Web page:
Whether the books are free or not they’re not exactly light. Especially as you (hopefully) accumulate bags full. I got all excited the first year I had a VIP pass because you get a bag of free books for being a VIP! Which I collected at the beginning of the show. 10 minutes in and I’m already carrying an extra five pounds.
This is where coat check/ bag check is potentially helpful. For a few bucks you can store your bags and get the feeling back in your fingers. But I say “potentially” because in NYC in 2014 the bag check area was a rectangle taped off on the floor manned by a single person. While I try to believe the best in people there were so many open tote bags out in the open that more than a few people commented on how easy it would be to steal from them.
In Chicago coat/bag check was in an area that was surrounded by tables and manned by multiple people. Make a judgement call about what feels comfortable for you, but remember that no rolling bags, luggage, or strollers are allowed on the show floor.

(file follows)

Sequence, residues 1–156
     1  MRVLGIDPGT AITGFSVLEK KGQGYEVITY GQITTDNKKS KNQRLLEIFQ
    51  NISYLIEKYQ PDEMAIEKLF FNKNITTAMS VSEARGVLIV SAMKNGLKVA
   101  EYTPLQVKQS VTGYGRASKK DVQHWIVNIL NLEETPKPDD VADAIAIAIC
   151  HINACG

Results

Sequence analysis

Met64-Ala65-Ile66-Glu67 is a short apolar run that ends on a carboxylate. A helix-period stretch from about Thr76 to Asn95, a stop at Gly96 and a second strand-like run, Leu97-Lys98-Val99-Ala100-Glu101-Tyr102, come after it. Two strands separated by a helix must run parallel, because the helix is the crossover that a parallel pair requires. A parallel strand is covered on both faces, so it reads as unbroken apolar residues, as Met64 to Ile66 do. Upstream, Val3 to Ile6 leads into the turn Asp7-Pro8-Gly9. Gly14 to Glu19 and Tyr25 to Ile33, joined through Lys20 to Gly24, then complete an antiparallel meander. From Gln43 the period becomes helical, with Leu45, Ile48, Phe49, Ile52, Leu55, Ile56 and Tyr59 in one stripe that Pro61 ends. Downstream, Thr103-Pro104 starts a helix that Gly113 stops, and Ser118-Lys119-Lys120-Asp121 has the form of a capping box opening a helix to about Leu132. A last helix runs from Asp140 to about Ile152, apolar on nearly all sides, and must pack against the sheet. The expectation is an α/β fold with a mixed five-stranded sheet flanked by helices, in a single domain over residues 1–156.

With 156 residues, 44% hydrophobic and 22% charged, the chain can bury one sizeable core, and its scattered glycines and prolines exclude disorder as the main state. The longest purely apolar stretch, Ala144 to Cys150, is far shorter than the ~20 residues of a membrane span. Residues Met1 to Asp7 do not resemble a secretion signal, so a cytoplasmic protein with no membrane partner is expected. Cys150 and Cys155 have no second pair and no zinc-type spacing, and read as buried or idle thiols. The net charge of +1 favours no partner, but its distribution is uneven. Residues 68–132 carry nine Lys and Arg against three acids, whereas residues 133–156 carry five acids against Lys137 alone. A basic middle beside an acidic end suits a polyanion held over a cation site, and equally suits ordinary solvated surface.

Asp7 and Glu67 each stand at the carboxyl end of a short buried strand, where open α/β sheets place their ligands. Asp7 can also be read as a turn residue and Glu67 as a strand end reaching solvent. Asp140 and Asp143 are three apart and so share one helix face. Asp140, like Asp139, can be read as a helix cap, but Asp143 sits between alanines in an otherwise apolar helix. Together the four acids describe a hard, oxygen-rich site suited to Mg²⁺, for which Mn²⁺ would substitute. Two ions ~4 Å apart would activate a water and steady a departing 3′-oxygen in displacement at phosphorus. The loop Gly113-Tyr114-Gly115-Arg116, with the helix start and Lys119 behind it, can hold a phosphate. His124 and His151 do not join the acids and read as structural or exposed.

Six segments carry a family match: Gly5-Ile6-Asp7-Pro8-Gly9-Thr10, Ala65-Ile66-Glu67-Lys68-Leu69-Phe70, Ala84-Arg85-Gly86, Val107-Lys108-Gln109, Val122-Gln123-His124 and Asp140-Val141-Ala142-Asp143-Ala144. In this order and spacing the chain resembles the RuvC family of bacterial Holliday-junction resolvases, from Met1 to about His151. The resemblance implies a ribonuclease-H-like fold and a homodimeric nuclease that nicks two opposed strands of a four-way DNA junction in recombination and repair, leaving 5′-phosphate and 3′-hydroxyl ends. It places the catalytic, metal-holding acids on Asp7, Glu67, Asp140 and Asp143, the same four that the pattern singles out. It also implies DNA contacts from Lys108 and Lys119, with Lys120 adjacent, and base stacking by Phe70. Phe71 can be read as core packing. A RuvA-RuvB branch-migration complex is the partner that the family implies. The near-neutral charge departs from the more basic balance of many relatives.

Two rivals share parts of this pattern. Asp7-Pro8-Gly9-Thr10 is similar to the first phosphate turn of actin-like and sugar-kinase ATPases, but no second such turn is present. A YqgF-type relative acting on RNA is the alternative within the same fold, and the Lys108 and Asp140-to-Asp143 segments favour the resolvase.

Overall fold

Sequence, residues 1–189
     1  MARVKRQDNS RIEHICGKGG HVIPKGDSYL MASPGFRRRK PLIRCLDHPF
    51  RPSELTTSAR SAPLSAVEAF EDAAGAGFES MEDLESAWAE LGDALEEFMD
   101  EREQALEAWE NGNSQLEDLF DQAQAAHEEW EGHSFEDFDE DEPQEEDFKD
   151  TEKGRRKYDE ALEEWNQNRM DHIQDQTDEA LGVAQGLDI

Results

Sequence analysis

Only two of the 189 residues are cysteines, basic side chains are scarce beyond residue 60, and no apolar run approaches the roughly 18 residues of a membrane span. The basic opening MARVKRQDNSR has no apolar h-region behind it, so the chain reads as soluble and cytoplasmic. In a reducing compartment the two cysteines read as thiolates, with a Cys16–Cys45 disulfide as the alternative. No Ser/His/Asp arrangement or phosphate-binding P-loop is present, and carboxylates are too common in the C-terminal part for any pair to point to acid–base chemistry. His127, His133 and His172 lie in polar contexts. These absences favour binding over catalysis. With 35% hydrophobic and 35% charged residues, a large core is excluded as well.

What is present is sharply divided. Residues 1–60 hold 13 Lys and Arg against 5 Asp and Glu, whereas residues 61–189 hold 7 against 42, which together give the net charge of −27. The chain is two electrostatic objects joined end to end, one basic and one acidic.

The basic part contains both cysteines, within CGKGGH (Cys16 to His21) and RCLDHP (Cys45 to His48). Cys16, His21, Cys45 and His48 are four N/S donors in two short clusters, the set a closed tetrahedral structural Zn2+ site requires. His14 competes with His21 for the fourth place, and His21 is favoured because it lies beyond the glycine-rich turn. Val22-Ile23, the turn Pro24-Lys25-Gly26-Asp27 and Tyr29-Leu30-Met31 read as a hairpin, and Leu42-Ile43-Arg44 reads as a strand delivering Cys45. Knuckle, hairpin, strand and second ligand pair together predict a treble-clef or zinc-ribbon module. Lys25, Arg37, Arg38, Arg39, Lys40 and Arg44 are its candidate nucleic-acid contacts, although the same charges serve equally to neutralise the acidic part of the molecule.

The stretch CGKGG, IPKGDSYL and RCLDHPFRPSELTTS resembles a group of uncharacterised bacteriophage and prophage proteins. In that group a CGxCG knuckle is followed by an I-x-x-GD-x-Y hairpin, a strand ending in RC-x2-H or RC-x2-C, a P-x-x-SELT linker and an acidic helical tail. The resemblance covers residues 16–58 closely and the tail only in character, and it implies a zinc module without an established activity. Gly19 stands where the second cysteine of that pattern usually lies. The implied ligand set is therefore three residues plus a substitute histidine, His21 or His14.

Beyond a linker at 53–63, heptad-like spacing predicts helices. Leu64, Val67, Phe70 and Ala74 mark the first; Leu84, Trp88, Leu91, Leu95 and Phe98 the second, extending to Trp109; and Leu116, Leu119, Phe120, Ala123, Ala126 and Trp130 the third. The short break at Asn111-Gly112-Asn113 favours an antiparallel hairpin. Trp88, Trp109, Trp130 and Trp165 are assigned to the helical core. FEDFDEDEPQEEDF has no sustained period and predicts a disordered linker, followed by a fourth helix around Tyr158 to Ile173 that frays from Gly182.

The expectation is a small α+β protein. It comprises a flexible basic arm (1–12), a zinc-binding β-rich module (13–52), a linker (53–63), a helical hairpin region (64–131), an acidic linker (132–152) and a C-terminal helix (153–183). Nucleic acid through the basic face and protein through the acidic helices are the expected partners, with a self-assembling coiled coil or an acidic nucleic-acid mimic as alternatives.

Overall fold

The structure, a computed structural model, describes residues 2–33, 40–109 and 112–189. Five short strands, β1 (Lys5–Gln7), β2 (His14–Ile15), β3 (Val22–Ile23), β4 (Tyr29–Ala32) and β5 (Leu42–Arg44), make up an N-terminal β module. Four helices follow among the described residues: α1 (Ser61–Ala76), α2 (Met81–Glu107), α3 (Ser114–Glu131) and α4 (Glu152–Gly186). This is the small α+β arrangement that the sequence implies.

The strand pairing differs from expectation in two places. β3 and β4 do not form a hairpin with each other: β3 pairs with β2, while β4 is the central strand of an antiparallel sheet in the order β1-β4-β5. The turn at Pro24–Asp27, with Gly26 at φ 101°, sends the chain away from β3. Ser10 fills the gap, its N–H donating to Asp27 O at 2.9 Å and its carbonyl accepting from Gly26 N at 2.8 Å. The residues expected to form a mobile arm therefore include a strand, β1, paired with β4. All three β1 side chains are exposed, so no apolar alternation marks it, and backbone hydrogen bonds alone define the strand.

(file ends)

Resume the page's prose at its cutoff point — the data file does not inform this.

If you are a VIP pass holder this year they will have a coat check in the VIP lounge, which I have no idea what that will look like, as if there was one last year, I missed it completely.
This is the most important part of the experience for me. I like to sit in an audience and hear my favorite authors talk about their work. While big names, especially authors who are also actors (Mindy Kaling, Jason Segel) will often get their own one on one interview on the Main Stage, many other panels will be put together on a theme.
There have been panels on diverse books, romantic reads, feminine heroes, fantasy ya, and everything in between. Last year I loved getting to hear from Laini Taylor, Victoria Aveyard, and Sarah J Maas all in one panel.